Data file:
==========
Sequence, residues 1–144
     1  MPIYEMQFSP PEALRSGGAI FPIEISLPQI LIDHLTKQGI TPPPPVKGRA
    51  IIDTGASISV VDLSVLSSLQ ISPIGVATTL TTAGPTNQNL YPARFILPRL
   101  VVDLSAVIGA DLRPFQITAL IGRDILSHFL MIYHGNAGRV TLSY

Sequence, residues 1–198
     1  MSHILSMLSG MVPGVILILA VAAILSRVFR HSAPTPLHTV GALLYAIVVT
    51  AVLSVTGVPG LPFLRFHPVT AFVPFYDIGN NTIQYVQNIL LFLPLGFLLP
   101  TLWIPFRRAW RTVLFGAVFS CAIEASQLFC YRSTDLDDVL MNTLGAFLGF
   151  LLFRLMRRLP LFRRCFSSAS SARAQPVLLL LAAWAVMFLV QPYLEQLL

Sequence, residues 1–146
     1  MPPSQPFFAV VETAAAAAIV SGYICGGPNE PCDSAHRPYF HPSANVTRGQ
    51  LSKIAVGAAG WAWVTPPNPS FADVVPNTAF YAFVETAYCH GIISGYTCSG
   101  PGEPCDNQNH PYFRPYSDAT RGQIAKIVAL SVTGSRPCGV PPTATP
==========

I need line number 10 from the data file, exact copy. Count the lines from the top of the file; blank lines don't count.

Sequence, residues 1–146